------------------
shorter JA: People who oppose these projects should run for office, instead of trying to oppose the projects as citizens.

RS: yes; the "opposers" are always against things, not for them. They don't propose solutions to community problems. Those elected to public office have to come up with a vision for the community

me: it's a problem, because those (of the opposers of "unregulated growth") who do have a vision for the community get derided (or smeared) by the local newspaper's publisher, and those who are forward-thinking in other areas get attacked by the good ole boys, orchestrated by right wing interests from outside the county. (NOTE I'm going far beyond hard knowledge here, but it's the impression I've formed; we can discuss it sometime but not in this post's comments thread, ok?)
And as for my own situation - at this point, given the warm cozy relationship I've established with the local paper in general and its publisher in particular, and the degree of professional behavior I've seen exhibited, I'd fear that my publicly supporting any project would serve as its kiss of death. So I serve by not serving, if you know what I mean. (Jeff Ackerman's already told me he's opposed to Smart Growth; so do you understand why I'd be afraid to open my mouth in favor of anything?)

Which is a pity.
(and may also be a rationalization; take with salt)
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shorter JA: People who oppose these projects tend not to go to community fundraisers that I go to.

RS: yes; I will match the NC Contractors Association public donation record against Citizens Concerned About Traffic or GV Neighbors any day.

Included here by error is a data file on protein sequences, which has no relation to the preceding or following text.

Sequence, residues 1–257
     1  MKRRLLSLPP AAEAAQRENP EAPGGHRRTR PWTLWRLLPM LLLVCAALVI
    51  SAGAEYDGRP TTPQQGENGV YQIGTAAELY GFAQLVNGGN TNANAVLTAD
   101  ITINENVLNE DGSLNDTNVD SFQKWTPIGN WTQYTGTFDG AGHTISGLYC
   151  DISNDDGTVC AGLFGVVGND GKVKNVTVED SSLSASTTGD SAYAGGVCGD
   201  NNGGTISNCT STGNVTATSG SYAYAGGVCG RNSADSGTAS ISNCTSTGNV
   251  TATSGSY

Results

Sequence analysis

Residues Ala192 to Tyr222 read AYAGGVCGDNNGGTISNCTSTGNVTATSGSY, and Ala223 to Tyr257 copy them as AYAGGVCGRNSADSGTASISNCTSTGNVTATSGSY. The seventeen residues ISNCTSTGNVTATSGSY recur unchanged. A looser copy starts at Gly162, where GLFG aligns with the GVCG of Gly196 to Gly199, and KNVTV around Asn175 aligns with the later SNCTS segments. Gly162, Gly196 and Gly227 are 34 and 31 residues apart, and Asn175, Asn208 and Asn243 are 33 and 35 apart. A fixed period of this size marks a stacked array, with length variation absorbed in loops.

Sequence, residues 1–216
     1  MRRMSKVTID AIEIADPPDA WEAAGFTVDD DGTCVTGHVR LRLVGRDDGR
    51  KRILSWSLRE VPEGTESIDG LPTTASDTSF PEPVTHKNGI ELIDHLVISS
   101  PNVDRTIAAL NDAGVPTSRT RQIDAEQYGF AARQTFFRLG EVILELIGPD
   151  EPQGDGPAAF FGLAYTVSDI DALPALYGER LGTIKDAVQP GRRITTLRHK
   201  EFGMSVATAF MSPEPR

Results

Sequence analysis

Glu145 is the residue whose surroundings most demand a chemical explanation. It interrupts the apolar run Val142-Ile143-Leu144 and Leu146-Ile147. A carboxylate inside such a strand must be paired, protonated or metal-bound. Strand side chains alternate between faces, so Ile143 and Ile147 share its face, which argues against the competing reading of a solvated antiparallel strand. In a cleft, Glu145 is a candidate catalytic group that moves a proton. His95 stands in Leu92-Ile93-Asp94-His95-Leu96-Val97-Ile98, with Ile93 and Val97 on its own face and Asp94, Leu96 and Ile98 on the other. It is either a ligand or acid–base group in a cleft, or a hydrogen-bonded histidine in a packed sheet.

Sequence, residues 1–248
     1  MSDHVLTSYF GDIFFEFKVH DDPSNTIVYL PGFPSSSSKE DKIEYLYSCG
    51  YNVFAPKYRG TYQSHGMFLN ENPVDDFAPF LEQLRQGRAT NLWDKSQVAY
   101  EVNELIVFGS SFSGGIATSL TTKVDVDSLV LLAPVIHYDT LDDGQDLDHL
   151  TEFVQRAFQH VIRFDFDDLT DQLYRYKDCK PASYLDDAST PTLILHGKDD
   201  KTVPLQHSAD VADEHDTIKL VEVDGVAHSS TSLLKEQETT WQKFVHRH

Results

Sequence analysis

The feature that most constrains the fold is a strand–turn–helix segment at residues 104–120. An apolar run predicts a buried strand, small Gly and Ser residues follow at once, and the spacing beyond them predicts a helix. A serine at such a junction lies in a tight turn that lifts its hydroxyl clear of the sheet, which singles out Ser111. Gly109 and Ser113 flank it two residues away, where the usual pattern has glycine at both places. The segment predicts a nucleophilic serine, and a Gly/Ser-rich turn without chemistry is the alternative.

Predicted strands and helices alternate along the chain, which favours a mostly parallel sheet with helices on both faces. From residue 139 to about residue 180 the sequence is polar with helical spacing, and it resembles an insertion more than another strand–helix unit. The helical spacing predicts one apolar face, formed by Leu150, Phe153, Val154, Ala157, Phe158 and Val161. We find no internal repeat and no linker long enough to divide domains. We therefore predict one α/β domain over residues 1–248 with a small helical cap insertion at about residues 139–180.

me: Counter-question for Russ: under what circumstances would comparing financial donations be an appropriate metric for community concern, and under what circumstances would it not?
(hint: "comparable income")

RS continued: What have they built? What community organizations do they donate to?

me: this has the smell of the Kiss of Death again - if I bring any project or any group up, it becomes tarred with "those bleeping dogooders" and lies under suspicion forevermore...
(in other communities, saving the Julia Morgan House would count as a plus, but this is nevada county where the J.M.House's outbuildings got burned by the fire dept as a training exercise, and I DONT WANT TO GO THERE EITHER RIGHT NOW thank you very much so let us change the subject.)

What I support? Leverage and investment. What can be done today that will have a long-term benefit - like the Supe (name?) whose foresight in dealing with Boise-Cascade and Lake Wildwood brought us Gateway Park. And frequently the actions that have the greatest return on investment involve stopping something from happening - e.g. the reason why Lake of the Pines(??) doesn't have quarter-acre lots on septic systems ringing the lake (with the consequent lake, uh, "fertility", after failed leach fields) is that someone said "No" when it counted.)
And what does sitting here typing do to achieve that goal? Answer: let's change the subject again.
:-)

Another perspective for you to view things from, Russ (though not knowing the people involved I can't vouch for its relevancy here): some people are more money-motivated than others, and the latter group typically doesn't appreciate the negative externalities resulting from the former group's endeavors.
(and yes, there will also be positive externalities, and people being more motivated by fear these might not be given sufficient weight)

Finally, a disclaimer: Russ is talking about "them", and in my responses I am projecting and answering "I". Truth is I'm a spectator, I'm not down in the trenches or over at the city council meetings, I'm not ready to lay down my life for the 2-second rule; and I can't reliably speak for "them" since "they" aren't likely to be a uniform body and will vary in their activism and opinions and convictions (in the positive sense) from each other and from me. Please keep this in mind.

and Russ I look forward to seeing your answers to the questions above....

and thanks again for coming over to comment.

Anonymous said...

Want to look at a "despoiled" area of our county? Try the entire Brunswick Basin. It's Little Roseville. And as far as charitable contributions...as if it matters...the NC Contractors Association has just within the past few years begun making such contributions to combat their negative reputation. Just ask Keoini Allen.